what? did luther really say that?
* Did Luther really say that the Bible is the Christian’s only real authority, that every believer is his own pope and church and at the same time that no one could be saved who didn't accept his doctrine?
* Did Luther really say we are justified in the sight of God by “faith alone” and that a believer in Christ could commit murder and adultery thousands of times a day and still be saved?
* Did he really say that he didn’t want the Epistle of James in his Bible and that he even felt like tossing it into the stove because it so clearly contradicted St. Paul?
* Did he really talk Catholic monks and nuns into breaking their solemn vows and leaving their monasteries and converts?
* Did he really counsel someone to secretly take a second wife because the man claimed he couldn't stop committing adultery?
Did Luther really say these sorts of things? What if he did, what did he mean by them?
If you're interested, check out my three-talk series "Luther: The Rest of the Story," available for MP3 download right here.
God’s Instrument for Renewing the Church?
This is how Luther’s good friend Philip Melanchthon described him at his funeral. Luther, he said, was “God's instrument for renewing the Church."
And this is precisely how most Protestants feel about Luther.
This is how I felt about Luther for a great many years!
Over the decades I've read thousands of pages of Luther's writings as well as a number of books on his life and teaching and now, well, now I’m Catholic.
So does this mean I now see nothing good in Luther?
Does this mean I think Luther's critique of the Church was entirely false and without merit? That he was a devil in human form, as some said at the time?
Actually, the Catholic Church has admitted that much of Luther's critique of the spiritual state of the Church at the time was true.
There was corruption and abuse of authority and it extended to the highest levels. In fact, Pope Hadrian VI, who served a short time during the early years of the Reformation, confessed this publicly.
Listen to how strongly he puts it!
We know that for years there have been many abominable offenses in spiritual matters and violations of the Commandments committed at this Holy See, yes, that everything has in fact been perverted…. The first thing that must be done is to reform the curia, the origin of all the evil.
No. The Catholic Church has never insisted that Luther was wrong in everything he said. We need to get that idea entirely out of our minds.
What the Church has insisted, however, is that Luther's "solutions" to the Church's problems were wrong. Especially is this the case with two key teachings that became the very battle cries of the Reformation: justification by faith alone (sola fide) and scripture as the Christian's sole infallible rule for faith and practice (sola scriptura).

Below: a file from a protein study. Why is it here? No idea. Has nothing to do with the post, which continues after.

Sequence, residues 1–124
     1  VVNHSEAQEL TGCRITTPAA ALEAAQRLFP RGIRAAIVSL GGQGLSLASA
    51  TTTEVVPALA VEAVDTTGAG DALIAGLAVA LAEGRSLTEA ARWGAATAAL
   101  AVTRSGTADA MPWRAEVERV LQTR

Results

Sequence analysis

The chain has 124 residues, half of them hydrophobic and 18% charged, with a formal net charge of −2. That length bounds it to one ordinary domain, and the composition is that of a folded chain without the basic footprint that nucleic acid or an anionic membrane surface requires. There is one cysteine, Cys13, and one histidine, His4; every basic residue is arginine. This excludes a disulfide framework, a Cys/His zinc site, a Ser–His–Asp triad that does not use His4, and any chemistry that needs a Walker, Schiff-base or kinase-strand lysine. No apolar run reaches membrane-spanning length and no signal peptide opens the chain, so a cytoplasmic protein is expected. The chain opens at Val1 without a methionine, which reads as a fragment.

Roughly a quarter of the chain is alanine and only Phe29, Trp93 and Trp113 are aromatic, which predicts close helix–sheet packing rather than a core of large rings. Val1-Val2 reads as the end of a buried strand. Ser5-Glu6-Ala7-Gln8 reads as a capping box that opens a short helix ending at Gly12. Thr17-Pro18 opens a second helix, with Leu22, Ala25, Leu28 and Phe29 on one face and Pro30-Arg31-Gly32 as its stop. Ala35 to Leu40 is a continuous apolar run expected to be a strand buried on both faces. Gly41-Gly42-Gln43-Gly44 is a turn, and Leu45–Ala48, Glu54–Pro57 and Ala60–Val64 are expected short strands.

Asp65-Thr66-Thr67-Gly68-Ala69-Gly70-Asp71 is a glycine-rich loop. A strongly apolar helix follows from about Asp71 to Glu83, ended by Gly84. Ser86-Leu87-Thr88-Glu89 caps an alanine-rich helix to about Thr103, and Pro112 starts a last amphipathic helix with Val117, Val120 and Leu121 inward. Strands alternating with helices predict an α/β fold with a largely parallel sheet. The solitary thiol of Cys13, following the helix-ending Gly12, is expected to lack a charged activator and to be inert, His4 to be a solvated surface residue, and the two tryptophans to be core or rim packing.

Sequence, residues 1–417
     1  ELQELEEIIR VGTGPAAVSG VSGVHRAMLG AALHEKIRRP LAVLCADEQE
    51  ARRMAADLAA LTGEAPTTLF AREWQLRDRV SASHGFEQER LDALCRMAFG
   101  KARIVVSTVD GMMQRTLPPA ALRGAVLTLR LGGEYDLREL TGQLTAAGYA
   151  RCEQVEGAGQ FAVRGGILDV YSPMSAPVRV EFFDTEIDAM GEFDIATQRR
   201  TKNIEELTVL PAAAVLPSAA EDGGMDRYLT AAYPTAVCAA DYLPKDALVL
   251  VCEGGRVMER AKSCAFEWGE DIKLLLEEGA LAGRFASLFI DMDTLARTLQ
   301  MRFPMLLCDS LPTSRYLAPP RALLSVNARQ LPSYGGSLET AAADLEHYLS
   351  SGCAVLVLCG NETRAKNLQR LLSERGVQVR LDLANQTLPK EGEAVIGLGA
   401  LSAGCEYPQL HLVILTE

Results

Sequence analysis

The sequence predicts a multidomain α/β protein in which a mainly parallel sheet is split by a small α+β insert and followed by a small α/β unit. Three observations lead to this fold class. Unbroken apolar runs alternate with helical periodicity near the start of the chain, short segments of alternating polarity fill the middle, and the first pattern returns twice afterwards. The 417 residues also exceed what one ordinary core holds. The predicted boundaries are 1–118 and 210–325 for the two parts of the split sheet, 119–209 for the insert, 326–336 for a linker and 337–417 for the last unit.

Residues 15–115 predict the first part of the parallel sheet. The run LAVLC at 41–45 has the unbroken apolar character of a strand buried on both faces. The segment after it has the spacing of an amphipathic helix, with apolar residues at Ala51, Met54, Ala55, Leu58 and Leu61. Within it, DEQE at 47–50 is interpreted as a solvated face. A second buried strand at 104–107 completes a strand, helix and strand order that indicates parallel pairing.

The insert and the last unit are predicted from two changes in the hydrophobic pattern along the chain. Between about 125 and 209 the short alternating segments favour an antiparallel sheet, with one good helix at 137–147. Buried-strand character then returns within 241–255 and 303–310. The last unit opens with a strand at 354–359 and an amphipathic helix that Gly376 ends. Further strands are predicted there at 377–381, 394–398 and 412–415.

In this series of three talks, I introduce Martin Luther's life and teaching.
In the first talk, "Man Between God and the Devil," we look at his family background, his decision to enter the monastery, his struggle as an Augustinian monk to find peace with God, his becoming a professor of Scripture and his discovery of the "answer" to his spiritual struggles in the doctrine of justification by faith alone
In talks two and three we focus in on those two primary theological issues that arise from the story of Luther and that form the basis of Protestantism as a worldview. These were (and remain!) the two most critical issues separating Protestant and Catholic Christianity.
My goal in this series is to tell the story of Luther as sympathetically as I can, as one who agreed with Luther for many years. In this sense, I want to tell the story as it is told to Lutheran children in Lutheran schools, like the Lutheran schools both my daughter and son attended when they were young.
But then I also want to tell the parts Lutheran schoolchildren do not hear. As Paul Harvey used to say, I want to give you "The rest of the story."
Click here to purchase talks
I want to recommend my good friend, Ken Hensley, who is a very effective speaker on a wide variety of subjects, ranging from Scripture and Apologetics to Church History and the New Atheism... Ken is an expert pastor, with a pastor's heart, who can make the Bible come alive. I'm looking forward to more of his teaching in the future.
--- Scott Hahn, Professor of Theology, Franciscan University of Steubenville
Ken Hensley is a truly remarkable apologist, especially when it comes to Sacred Scripture, Reformation history, and taking complex theological issues and making them accessible to the average Catholic in the pew.
--- Tim Staples, Director of Apologetics and Evangelism at Catholic Answers
Having worked in the field of Catholic apologetics for nearly 30 years, I’ve been privileged to know and collaborate with many talented, inspirational, and effective teachers of the Faith. It’s no exaggeration to say that my friend Ken Hensley is among the very best of the best of the Catholic apologists serving Christ and His Church today. Ken has a wide and deep knowledge of Scripture, Church history, and theology, he is personable and approachable, and he invariably makes a compelling case for truth with charity and aplomb."
--- Patrick Madrid, Catholic Apologist, Host of "Right Here, Right Now Radio Show," Author of Why Be Catholic?